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Key Pointers Covered In The Cancer Nanomedicine Market Industry Trends And Forecast To 2027

The study provides an in-depth analysis, current trends, and future estimations of theglobal Cancer Nanomedicine marketto elucidate the imminent investment pockets.

Comprehensive analysis of factors that drive and restrict the Cancer Nanomedicine market growth is provided.

The Cancer Nanomedicine Industry report provides a qualitative and quantitative analysis of the current External Storage market trends, forecasts, and market size from 2020 to 2027 to determine new opportunities.

Porters Five Forces analysis highlights the potency of buyers and suppliers to enable stakeholders to make strategic business decisions and determine the level of competition in the industry.

Extensive analyses of key segments of the industry help understand the types of products and technologies used across various geographical regions.

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Corrigendum for the article Antibacterial properties of PEKK for ortho | IJN – Dove Medical Press

§ June 20th, 2021 § Filed under Nano Medicine Comments Off on Corrigendum for the article Antibacterial properties of PEKK for ortho | IJN – Dove Medical Press

Back to Journals International Journal of Nanomedicine Volume 16

Antibacterial Properties of PEKK for Orthopedic Applications [Corrigendum]

Wang M, Bhardwaj G, Webster TJ. Int J Nanomedicine. 2017;12:64716476.

The authors have advised Figure 7 on page 6475 is incorrect. The authors inadvertently included a duplicate image for the live/dead Staphylococcus epidermidis and Pseudomonas aeruginosa PEEK samples shown in Figures 6 and 7, respectively. The correct Figure 7 is shown below.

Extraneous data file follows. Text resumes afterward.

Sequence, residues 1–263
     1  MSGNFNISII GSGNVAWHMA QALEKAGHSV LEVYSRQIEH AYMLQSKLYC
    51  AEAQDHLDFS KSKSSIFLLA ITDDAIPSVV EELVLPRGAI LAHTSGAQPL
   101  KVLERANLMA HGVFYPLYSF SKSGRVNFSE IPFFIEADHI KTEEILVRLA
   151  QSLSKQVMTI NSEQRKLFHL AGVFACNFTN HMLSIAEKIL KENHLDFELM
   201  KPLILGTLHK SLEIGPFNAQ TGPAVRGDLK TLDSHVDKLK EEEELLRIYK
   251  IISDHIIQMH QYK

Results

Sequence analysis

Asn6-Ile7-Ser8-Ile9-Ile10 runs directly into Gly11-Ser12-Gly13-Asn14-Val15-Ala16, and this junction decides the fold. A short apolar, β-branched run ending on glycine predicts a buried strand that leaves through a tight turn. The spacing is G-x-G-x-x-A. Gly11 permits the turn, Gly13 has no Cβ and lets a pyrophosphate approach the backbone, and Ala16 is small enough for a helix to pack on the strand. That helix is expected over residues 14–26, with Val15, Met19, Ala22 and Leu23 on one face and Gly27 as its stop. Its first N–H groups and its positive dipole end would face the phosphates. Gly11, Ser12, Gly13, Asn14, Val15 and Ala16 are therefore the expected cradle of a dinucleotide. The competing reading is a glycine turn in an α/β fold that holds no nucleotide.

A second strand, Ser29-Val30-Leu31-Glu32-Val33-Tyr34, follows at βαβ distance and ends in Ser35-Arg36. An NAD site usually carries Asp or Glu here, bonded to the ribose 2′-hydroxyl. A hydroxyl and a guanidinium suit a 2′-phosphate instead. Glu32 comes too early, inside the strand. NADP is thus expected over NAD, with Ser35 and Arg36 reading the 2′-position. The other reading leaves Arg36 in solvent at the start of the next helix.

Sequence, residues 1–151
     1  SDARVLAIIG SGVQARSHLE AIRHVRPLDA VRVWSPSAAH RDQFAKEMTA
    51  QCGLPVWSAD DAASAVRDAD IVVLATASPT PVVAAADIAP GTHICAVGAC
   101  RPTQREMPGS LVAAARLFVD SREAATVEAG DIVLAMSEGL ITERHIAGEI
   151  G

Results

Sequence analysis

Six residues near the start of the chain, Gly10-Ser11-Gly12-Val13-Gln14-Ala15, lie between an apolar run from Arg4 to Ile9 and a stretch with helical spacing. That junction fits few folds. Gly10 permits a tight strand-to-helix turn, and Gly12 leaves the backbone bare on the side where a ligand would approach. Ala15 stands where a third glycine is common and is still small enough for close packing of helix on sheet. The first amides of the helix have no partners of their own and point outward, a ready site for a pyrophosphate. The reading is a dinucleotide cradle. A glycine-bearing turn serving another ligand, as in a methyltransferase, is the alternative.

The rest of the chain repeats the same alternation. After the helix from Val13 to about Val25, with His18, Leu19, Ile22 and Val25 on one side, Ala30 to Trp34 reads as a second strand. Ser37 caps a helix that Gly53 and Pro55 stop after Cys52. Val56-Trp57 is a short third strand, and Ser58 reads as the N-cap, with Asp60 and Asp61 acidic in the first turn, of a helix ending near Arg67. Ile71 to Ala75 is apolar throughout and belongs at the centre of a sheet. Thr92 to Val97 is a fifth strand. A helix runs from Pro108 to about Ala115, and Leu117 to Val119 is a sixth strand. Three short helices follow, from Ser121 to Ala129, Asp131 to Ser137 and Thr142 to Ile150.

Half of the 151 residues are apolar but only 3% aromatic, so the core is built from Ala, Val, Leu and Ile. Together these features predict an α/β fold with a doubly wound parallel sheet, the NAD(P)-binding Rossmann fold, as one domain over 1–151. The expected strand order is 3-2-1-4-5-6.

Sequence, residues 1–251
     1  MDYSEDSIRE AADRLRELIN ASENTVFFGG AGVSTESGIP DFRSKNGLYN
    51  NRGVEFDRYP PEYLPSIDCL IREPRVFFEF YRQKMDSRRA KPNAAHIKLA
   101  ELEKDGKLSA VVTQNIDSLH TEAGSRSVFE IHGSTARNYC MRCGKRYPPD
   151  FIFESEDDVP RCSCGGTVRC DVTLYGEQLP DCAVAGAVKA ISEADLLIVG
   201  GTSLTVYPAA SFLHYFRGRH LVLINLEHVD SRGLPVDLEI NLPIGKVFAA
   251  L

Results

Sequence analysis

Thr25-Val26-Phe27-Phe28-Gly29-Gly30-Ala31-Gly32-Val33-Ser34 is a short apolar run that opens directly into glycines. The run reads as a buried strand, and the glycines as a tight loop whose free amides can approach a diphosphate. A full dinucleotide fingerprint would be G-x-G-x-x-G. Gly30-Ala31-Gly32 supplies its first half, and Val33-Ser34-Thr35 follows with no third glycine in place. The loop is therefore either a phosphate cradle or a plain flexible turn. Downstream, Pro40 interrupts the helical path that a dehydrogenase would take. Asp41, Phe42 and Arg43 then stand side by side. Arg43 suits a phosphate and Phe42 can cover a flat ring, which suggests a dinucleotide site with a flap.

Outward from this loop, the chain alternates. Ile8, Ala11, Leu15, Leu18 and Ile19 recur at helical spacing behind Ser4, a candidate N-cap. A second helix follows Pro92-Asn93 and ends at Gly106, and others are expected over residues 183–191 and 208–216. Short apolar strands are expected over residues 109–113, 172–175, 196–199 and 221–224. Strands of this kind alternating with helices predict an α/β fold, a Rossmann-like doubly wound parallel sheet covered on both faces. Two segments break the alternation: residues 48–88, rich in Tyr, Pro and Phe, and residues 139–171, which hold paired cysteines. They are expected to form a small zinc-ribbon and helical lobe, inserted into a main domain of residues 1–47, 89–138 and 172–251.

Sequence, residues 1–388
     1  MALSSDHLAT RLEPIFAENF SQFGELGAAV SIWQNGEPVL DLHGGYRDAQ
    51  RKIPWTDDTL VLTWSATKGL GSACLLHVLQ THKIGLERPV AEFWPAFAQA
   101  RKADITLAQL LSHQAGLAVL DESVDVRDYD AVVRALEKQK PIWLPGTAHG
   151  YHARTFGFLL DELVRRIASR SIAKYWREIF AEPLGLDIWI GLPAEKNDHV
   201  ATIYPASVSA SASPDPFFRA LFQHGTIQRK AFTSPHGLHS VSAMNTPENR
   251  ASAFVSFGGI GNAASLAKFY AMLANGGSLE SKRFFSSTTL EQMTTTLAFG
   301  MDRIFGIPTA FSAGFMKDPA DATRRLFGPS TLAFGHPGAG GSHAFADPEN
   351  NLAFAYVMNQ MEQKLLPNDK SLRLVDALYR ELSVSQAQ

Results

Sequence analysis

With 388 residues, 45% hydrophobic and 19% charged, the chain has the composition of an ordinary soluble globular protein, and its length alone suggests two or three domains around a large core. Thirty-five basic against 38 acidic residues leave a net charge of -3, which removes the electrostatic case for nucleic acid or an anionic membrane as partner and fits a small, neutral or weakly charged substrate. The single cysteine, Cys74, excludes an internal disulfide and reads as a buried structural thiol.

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Genetically engineered cell membranecoated nanoparticles for targeted delivery of dexamethasone to inflamed lungs – Science Advances

§ June 20th, 2021 § Filed under Nano Medicine Comments Off on Genetically engineered cell membranecoated nanoparticles for targeted delivery of dexamethasone to inflamed lungs – Science Advances

INTRODUCTION

The chemical and physiological changes associated with inflammation are an important part of the innate immune system (1). Proinflammatory processes can lead to the release of cytokines such as interleukin-6 (IL-6) and tumor necrosis factor, which are capable of effecting vascular changes to improve immune responses at a site of stress or injury (2). These may include vasodilation and an increase in vascular permeability, which can promote more efficient immune cell recruitment (3, 4). On the cellular level, proinflammatory cytokines cause the up-regulation of specific surface markers, including vascular cell adhesion molecule1 (VCAM-1) or intercellular adhesion molecule1 (ICAM-1), which allow for immune cell adhesion at the site of inflammation (5, 6). Although inflammation is an integral process that is required for survival, a dysregulated immune system is implicated in a wide range of disease states (7, 8). The disease relevance of inflammation is further supported by the fact that inflammatory markers such as cellular adhesion molecules are often implicated in pathogenesis (9, 10), and these have been explored as therapeutic and diagnostic targets.